2. Support this with frequent one-to-one meetings to ensure that any problems or issues are efficiently and effectively managed and opportunities to tap into latent knowledge and experience are maximised.

3. Involvement in company initiatives by opening up the opportunity for team members to participate in activities that empower them. It might be writing web news or blogs, managing certain elements of the marketing and business development plan, running training programmes or giving public speeches.

4. Maximising opportunities to ‘show and tell’ and share successful (and unsuccessful) projects with key learnings.

5. Development projects where the individual (and the business) benefit from recommendations made to improve process and procedure or in the development of new products and services.

6. Above all, ask. Keep up to date with your new staff and understand how all team members are motivated. Understand what they are good at, what they like doing and what challenges them. Understand where they want to go and how they want to be managed.

Are you making the most of all your people or have some of your employees left part of their experience at the front door? If they have, you can be sure you are missing out.

Image: EngageSciences

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Training Day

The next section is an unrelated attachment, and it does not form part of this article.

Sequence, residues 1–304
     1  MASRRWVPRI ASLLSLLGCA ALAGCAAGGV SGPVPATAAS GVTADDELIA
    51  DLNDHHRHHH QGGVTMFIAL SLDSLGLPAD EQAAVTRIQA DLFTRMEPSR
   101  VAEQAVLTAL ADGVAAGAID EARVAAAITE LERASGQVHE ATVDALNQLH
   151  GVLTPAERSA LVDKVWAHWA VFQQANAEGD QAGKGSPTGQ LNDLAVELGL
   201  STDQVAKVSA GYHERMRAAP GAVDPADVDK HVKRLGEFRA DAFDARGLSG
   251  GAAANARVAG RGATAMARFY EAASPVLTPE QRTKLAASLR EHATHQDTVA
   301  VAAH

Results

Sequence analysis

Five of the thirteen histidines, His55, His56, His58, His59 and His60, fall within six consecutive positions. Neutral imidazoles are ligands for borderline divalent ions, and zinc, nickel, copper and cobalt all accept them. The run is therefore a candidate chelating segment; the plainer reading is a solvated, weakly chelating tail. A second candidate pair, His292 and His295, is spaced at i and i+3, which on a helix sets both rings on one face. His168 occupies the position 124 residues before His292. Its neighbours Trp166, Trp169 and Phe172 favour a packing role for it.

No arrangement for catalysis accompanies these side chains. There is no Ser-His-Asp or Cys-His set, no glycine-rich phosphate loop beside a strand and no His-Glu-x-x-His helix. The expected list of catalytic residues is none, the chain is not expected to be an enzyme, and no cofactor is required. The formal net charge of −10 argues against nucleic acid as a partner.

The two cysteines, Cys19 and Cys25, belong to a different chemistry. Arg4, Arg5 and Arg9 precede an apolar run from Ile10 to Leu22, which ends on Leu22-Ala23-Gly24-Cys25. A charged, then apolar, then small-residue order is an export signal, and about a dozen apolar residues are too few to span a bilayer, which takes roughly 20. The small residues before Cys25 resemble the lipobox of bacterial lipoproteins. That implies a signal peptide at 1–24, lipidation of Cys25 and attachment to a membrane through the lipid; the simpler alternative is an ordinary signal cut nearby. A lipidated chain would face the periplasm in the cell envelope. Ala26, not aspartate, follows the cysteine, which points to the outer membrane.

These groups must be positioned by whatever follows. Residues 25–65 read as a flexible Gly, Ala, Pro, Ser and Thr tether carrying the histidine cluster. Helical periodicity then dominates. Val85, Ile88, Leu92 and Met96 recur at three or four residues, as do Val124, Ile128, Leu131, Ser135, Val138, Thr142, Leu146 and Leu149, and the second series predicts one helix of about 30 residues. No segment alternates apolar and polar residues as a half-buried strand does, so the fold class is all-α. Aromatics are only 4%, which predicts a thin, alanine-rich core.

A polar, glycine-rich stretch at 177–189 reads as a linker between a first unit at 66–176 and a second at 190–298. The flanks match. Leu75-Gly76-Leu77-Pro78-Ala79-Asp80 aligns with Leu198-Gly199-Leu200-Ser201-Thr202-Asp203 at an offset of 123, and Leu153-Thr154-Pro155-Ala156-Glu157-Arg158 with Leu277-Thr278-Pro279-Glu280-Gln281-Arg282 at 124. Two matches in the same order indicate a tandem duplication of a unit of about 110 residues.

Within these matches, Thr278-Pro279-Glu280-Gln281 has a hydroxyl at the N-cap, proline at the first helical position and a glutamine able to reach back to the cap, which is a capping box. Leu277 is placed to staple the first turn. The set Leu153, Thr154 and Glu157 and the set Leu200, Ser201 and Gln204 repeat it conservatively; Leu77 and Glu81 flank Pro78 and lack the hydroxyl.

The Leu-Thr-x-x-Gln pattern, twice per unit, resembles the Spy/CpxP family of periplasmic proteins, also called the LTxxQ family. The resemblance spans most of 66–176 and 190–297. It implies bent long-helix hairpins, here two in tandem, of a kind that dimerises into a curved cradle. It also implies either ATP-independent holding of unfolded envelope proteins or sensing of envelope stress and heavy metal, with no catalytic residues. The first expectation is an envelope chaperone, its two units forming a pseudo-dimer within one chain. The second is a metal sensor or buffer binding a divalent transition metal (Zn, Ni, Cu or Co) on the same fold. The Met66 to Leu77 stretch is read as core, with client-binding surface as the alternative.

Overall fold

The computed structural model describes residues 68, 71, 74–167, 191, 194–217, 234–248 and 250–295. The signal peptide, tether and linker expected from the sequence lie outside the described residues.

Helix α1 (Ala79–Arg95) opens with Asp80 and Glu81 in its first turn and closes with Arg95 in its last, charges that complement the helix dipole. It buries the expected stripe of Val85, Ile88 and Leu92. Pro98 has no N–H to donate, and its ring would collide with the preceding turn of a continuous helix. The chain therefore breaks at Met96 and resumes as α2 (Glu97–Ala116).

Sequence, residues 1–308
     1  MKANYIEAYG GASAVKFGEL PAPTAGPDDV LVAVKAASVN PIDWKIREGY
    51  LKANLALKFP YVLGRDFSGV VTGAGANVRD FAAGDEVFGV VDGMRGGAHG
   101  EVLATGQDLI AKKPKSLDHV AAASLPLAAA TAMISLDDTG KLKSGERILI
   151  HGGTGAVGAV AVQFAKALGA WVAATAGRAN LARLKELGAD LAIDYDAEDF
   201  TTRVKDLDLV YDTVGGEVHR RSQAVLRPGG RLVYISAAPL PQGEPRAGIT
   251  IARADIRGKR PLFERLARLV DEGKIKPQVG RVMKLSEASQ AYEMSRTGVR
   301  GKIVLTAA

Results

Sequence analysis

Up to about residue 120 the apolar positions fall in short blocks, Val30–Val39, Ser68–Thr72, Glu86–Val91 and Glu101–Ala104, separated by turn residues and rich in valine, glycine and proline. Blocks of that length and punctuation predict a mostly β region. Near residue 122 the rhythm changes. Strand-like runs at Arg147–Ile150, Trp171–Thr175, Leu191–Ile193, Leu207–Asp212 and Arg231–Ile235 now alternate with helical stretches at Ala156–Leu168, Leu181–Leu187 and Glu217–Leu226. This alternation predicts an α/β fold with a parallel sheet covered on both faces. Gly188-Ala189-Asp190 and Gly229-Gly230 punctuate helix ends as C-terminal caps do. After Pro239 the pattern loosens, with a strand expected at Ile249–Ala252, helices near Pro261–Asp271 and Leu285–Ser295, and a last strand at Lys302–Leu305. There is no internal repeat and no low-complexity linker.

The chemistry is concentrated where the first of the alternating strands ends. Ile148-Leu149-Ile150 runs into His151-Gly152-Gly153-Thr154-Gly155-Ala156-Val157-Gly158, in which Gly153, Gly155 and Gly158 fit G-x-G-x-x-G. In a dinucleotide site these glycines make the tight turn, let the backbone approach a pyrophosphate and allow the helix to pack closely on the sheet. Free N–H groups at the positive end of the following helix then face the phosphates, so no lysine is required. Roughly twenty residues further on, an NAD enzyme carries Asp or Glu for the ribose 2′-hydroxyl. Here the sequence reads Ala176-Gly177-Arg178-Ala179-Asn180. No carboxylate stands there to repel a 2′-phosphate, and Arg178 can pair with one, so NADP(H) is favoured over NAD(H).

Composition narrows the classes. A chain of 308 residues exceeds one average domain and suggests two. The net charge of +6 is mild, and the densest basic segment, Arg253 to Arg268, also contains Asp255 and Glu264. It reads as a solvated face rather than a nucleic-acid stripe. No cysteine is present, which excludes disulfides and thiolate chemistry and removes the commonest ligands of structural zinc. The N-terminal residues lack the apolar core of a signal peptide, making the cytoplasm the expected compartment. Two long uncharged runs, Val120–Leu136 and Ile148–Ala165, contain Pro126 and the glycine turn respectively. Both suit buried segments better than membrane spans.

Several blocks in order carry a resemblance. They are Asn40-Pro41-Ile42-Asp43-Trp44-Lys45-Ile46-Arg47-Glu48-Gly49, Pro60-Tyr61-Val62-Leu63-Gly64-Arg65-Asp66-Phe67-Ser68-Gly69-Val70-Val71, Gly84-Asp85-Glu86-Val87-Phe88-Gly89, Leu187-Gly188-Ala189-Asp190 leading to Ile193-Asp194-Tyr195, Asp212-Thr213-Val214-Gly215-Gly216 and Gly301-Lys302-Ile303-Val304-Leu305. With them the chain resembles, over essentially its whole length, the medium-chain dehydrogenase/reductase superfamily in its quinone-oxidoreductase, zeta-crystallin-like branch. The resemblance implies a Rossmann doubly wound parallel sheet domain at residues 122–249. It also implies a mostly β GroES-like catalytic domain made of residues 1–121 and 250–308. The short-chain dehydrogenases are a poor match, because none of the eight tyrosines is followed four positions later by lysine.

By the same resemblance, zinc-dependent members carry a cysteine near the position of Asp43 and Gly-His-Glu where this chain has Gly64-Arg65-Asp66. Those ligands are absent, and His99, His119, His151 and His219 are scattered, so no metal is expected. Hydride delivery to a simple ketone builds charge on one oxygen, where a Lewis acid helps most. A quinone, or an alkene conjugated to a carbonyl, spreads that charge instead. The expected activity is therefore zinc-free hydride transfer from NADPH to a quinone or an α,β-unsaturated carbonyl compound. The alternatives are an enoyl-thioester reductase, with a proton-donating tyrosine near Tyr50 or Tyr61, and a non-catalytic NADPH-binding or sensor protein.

We’ve all attended dull, uninspiring training sessions. Yet we know that we are more likely to enjoy, learn and apply new techniques and thinking if it is delivered in a more engaging way. (Isn’t this why we naturally migrate towards the visual in all things viral – videos, animations, audio – and then share and discuss it with friends, family and colleagues. Because we want to be associated with the cool?)

I digress. So, how to make training and learning fun?

In preparing for some in-house training sessions, I recalled the learning pyramid I’ve used in a previous life. The statistics that underpin it are staggering.

From this, it is reasonable to deduce that any good training session needs to include a mix of presentation, demonstration and application.

Here’s how I structure even a one hour training session:

1. Introduction and pooled aims (what do attendees want out of it) – this achieves engagement.

2. A quick icebreaker (what do you know) – to establish base level of understanding . Guard against using icebreakers to soften the group socially, this can lead to a lazy session.

3. Provide some brief context (linking to aims and icebreaker) and some definitions.